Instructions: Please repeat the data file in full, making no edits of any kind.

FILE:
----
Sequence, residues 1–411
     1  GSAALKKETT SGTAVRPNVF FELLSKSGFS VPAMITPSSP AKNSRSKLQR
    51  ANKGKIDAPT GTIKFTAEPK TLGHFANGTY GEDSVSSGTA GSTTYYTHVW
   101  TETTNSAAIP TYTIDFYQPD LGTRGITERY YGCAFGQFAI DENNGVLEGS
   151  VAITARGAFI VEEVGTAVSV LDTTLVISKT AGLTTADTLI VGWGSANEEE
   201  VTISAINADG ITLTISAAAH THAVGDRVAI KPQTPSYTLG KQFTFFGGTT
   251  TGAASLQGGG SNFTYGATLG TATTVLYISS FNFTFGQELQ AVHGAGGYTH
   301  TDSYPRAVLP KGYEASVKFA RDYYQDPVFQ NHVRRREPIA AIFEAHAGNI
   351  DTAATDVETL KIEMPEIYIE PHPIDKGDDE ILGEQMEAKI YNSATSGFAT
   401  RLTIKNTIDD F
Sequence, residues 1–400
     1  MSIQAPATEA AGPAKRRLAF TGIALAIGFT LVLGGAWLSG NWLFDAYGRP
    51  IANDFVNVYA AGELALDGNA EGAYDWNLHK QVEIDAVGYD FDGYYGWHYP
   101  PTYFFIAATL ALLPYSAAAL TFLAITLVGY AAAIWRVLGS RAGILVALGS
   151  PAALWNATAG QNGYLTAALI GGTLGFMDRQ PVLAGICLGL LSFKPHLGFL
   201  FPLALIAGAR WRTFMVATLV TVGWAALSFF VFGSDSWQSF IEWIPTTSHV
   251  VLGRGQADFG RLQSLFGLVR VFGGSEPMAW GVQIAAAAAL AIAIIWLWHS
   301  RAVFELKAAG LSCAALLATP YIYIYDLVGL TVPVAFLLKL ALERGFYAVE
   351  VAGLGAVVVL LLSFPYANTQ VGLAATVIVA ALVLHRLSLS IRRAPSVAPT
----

Sequence, residues 1–411
     1  GSAALKKETT SGTAVRPNVF FELLSKSGFS VPAMITPSSP AKNSRSKLQR
    51  ANKGKIDAPT GTIKFTAEPK TLGHFANGTY GEDSVSSGTA GSTTYYTHVW
   101  TETTNSAAIP TYTIDFYQPD LGTRGITERY YGCAFGQFAI DENNGVLEGS
   151  VAITARGAFI VEEVGTAVSV LDTTLVISKT AGLTTADTLI VGWGSANEEE
   201  VTISAINADG ITLTISAAAH THAVGDRVAI KPQTPSYTLG KQFTFFGGTT
   251  TGAASLQGGG SNFTYGATLG TATTVLYISS FNFTFGQELQ AVHGAGGYTH
   301  TDSYPRAVLP KGYEASVKFA RDYYQDPVFQ NHVRRREPIA AIFEAHAGNI
   351  DTAATDVETL KIEMPEIYIE PHPIDKGDDE ILGEQMEAKI YNSATSGFAT
   401  RLTIKNTIDD F
Sequence, residues 1–400
     1  MSIQAPATEA AGPAKRRLAF TGIALAIGFT LVLGGAWLSG NWLFDAYGRP
    51  IANDFVNVYA AGELALDGNA EGAYDWNLHK QVEIDAVGYD FDGYYGWHYP
   101  PTYFFIAATL ALLPYSAAAL TFLAITLVGY AAAIWRVLGS RAGILVALGS
   151  PAALWNATAG QNGYLTAALI GGTLGFMDRQ PVLAGICLGL LSFKPHLGFL
   201  FPLALIAGAR WRTFMVATLV TVGWAALSFF VFGSDSWQSF IEWIPTTSHV
   251  VLGRGQADFG RLQSLFGLVR VFGGSEPMAW GVQIAAAAAL AIAIIWLWHS
   301  RAVFELKAAG LSCAALLATP YIYIYDLVGL TVPVAFLLKL ALERGFYAVE
   351  VAGLGAVVVL LLSFPYANTQ VGLAATVIVA ALVLHRLSLS IRRAPSVAPT